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Stanley A. Appelbaum
Vision Therapy & Sensory Integration Specialists
Dr. Stanley A. Appelbaum, FCOVD

Bethesda, MD and Annapolis, MD
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Vision Quiz

Quick Quiz Answers
  1. Do children with Sensory Integration Dysfunction or Binocular Vision Dysfunction have brain damage?

    Most of these children do not have actual brain damage as diagnosed by electro-physiological testing. Certainly children with brain damage would show some problems in the areas of sensory integration or visual processing, but the reverse is seldom the case. A.J. Ayres, O.T.R., Ph.D., in her book SENSORY INTEGRATION AND LEARNING DISORDERS states that "learning is a function of the brain; learning disorders are assumed to reflect some deviation of neural function." The problem is generally not brain damage but that the nervous system does not operate in an efficient manner. Once certain processes are developed through the therapeutic use of proper types of sensory stimulation in a well organized environment, the child's brain frequently operates much more efficiently.

  2. Does Sensory Integration Therapy or Optometric Vision Therapy involve drugs, psychotherapy or medical/surgery treatment?

    No. The process of organizing the brain does not involve drugs, complex medical/surgical equipment, or psychotherapy. Therapy relies upon the natural sensory experience which occurs in body activities. Instead of forcing the child to attend or behave, therapy enhances the child's own ability to learn and to adapt.

  3. Can only school-aged children benefit from Sensory Integration Therapy or Optometric Vision Therapy?

    Adults can benefit from both treatments as seen in cases of patients with headaches, dizziness, vertigo, strokes, comas as well as schizophrenia and other behavioral disorders. The literature currently reports Sensory Integration Therapy most extensively used with infants and school-aged children. Optometric Vision Therapy however, has been shown in the literature to be very successful with adults and children. Adults who spend much time on a computer or who do a lot of reading, frequently complain of eyestrain, headaches, or fatigue and are often too tired in the evening to do much reading. These patients may have the correct glasses but may have problems getting their eyes to work together and can benefit from Vision Therapy.

  4. Are Occupational Therapy and Vision Therapy fun?

    Occupational Therapy treatment is usually a fun and exciting activity. It incorporates play with therapeutic activities. For most patients each activity should be a challenge met with success. One aim of the therapy is to tap the patient's inner drive and help him integrate his nervous system. Vision therapy also consists of fun and motivating activities that are designed to get the patient to monitor and control their ability to focus, use their eyes together as a team and develop efficient eye movement, skills and abilities.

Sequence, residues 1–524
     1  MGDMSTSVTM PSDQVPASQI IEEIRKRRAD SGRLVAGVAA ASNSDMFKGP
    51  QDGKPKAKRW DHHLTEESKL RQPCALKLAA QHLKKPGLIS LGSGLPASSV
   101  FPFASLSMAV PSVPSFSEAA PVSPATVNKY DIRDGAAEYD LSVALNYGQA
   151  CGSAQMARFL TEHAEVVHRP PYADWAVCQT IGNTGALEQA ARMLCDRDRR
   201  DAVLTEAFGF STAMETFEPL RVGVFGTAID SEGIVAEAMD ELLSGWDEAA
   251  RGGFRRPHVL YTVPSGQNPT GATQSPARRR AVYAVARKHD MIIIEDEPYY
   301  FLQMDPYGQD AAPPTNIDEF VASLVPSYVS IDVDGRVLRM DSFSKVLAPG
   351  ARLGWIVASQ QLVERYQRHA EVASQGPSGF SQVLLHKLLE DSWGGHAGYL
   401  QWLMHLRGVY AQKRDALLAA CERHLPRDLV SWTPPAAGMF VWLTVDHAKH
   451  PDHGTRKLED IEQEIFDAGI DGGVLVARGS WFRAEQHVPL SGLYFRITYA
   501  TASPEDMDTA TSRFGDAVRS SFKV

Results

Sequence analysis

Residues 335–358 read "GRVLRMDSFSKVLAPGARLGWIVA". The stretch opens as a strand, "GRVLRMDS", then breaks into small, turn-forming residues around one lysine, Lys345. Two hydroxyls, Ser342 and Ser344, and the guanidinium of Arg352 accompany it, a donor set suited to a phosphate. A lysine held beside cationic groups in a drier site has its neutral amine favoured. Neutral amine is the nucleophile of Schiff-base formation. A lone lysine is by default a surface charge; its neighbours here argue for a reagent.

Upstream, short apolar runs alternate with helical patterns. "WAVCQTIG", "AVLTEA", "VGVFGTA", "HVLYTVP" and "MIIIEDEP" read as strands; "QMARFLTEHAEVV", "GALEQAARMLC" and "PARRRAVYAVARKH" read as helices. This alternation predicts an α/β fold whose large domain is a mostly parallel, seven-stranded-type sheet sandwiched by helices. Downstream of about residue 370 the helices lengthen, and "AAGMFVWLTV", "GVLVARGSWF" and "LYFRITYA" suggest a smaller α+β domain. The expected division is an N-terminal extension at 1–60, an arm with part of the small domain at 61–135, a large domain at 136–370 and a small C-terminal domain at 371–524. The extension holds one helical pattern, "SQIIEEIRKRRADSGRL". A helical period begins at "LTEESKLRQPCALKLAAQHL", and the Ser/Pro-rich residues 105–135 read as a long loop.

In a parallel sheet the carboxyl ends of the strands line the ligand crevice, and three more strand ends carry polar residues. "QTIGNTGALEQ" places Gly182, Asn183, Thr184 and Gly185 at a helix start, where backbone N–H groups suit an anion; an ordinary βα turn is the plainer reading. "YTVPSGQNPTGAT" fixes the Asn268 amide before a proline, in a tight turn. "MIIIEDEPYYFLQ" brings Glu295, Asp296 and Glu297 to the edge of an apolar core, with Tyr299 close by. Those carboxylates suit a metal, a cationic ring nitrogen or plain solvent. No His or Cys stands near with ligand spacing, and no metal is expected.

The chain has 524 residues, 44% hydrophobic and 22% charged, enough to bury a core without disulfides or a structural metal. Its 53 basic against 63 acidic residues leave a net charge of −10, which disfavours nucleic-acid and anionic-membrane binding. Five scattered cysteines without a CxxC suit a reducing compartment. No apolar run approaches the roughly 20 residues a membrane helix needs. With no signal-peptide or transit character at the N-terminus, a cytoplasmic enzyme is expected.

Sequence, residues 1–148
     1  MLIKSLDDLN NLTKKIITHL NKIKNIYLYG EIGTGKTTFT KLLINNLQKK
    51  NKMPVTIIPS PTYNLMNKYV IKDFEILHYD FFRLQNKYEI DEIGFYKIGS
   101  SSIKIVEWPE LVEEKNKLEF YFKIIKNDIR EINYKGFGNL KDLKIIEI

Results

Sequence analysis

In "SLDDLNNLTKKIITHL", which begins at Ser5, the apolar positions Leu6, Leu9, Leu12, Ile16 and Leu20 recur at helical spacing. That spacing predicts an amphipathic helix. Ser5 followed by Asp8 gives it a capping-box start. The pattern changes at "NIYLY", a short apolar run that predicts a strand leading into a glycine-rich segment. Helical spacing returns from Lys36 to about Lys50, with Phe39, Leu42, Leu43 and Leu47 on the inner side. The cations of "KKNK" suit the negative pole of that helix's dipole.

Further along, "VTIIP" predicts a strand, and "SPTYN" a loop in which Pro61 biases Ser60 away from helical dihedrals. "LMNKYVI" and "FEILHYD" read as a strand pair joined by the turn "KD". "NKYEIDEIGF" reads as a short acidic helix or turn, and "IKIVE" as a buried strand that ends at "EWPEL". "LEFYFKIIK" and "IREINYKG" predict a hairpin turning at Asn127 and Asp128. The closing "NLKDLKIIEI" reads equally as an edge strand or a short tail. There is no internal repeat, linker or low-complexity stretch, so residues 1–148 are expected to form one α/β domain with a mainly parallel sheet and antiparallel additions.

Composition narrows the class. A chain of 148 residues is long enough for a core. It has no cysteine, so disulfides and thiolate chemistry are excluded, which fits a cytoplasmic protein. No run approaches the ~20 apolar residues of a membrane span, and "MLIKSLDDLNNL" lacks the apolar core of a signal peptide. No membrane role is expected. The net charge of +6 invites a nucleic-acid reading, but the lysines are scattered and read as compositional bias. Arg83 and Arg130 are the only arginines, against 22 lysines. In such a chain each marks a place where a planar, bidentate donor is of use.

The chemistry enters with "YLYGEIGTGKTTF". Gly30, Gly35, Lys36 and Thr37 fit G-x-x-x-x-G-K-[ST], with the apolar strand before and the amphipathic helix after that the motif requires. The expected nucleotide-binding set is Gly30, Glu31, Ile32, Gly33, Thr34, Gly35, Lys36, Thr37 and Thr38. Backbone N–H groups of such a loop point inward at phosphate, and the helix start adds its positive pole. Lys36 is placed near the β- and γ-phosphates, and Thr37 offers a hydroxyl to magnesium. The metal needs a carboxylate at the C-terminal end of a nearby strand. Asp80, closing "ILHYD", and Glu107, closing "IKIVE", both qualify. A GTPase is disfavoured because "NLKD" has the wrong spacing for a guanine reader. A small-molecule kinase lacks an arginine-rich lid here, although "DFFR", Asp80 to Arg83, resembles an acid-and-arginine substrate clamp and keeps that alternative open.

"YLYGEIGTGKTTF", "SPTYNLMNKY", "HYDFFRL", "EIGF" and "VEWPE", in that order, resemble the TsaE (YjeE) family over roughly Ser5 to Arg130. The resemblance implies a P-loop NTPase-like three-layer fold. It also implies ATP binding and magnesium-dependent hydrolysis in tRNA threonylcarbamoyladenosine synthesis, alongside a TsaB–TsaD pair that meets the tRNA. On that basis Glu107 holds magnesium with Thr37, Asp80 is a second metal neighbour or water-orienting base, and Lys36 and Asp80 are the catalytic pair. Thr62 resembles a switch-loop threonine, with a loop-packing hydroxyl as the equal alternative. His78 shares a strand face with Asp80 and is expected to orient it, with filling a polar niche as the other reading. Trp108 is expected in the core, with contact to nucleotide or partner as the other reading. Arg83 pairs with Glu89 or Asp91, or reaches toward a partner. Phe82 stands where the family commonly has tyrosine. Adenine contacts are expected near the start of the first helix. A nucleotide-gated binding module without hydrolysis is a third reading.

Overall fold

5. Does a child with a vision problem or sensory integration problem really need therapy or will he merely grow out of the problem?

    Children can learn with a lot of practice and effort "splinter skills" that merely compensate for poor sensory-motor processing and cover up the problem, but they can not "grow out" of the problem. It is almost that these children learn in spite of the neuro-physiological disorder but not the most efficient way -- splinter skills generally require more energy. Operating with splinter skills is the hard way to do things, leaving the child with significantly less energy for other activities. The goal of treatment is to make things work easily for the child, and this can only happen when the brain works in an integrated way.

  6. How is progress in treatment monitored?

    The Doctor/Therapist keeps therapy notes about the patient's responses to treatment on an ongoing basis. Many of the gains which treatment is aimed at are observed during functional activities outside of the therapy setting and effective, regular communication with other professionals working with the patient is recommended. Periodic progress evaluations are done to measure and evaluate neuro-physiological changes as well as parent/teacher/patient observations. When it is felt that the patient has either met the desired goals, plateaued and is not making further gains, or doing well enough to succeed on his own, a recommendation for stopping treatment is made.

  7. Is the goal of treatment to eliminate the learning disability?

    The therapy program is designed to change the way in which the brain functions so that learning/coordination become easier. The treatment supplements but does not duplicate educational therapy. Neuro-developmental concepts that are known to be basic to the acquisition of sensory-motor and academic skills are utilized. A specific program is given based on the patient's sensory integration and vision profile. The goal is to reduce and hopefully eliminate the sensory integration and vision processing problem by providing the patient with the opportunity and means to organize his own nervous system through purposeful therapeutic activities.

  8. Does health insurance cover Occupational Therapy and Vision Therapy?

    Most major medical health insurance covers Occupational Therapy and Vision Therapy. Our office is happy to assist in filing for major medical reimbursement for both diagnostic testing and treatment.

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